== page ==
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Abstract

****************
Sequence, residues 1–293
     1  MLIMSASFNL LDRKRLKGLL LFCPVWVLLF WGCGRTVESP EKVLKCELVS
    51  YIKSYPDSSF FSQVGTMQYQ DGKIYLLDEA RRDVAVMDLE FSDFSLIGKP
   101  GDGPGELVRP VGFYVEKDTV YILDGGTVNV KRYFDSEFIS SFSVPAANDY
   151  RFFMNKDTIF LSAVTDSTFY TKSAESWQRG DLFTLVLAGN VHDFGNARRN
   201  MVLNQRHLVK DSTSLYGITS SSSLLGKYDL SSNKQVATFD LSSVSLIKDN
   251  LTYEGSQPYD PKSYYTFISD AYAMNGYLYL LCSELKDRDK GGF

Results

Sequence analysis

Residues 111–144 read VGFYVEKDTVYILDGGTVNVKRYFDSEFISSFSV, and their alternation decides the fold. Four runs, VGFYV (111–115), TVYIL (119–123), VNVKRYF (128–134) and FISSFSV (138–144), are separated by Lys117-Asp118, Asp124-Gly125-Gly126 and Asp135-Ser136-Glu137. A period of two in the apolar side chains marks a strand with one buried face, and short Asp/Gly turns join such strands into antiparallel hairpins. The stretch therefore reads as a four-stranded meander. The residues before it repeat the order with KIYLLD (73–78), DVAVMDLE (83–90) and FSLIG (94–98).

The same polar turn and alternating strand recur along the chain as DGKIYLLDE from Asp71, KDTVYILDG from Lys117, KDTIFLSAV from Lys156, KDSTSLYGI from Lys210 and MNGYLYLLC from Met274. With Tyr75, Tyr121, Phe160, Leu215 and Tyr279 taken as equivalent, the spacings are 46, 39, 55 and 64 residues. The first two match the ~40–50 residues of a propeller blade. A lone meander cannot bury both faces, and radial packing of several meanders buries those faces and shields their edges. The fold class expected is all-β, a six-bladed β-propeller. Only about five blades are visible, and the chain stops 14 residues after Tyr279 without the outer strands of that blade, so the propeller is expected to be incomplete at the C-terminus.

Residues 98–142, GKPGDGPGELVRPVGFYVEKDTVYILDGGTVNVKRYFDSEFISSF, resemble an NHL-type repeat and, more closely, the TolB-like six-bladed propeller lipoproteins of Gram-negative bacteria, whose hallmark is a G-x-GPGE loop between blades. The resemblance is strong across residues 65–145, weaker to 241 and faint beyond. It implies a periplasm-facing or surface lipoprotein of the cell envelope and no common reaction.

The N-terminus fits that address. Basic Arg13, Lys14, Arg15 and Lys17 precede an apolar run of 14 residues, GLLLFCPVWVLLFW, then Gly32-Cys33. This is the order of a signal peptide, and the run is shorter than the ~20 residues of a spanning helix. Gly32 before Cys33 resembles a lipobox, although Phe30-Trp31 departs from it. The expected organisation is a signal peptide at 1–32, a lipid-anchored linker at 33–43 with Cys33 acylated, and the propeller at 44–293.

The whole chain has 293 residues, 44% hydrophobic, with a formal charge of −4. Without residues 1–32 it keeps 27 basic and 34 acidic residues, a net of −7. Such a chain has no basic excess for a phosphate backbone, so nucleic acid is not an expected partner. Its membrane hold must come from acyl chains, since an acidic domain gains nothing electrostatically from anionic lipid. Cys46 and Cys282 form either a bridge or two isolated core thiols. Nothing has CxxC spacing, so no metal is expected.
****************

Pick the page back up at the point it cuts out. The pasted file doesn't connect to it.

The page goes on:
Philosophers of religion have tended to focus on Freud's dismissal of religion as an illusion, thus characterising his account as primarily hostile. Those who wish to engage with psychoanalytic ideas in order to understand religion in a more positive way have tended to look to later psychoanalysts for more sympathetic sources. This paper suggests that other aspects of Freud's own writings might, surprisingly, provide such tools. In particular, a more subtle understanding of the relationship between illusion and reality emerges in his theory, that itself offers a useful way of understanding the meaning and significance of religion for the human animal. By exploring these sources a view of religion emerges which connects it closely with the processes of imagination and creativity. Under this view, religion is more than just a set of hypotheses to be proved or disproved. In religion, we have access to the most deeply rooted wishes and anxieties of the human heart, and thus its investigation enables a deeper understanding of what it is to be a human being.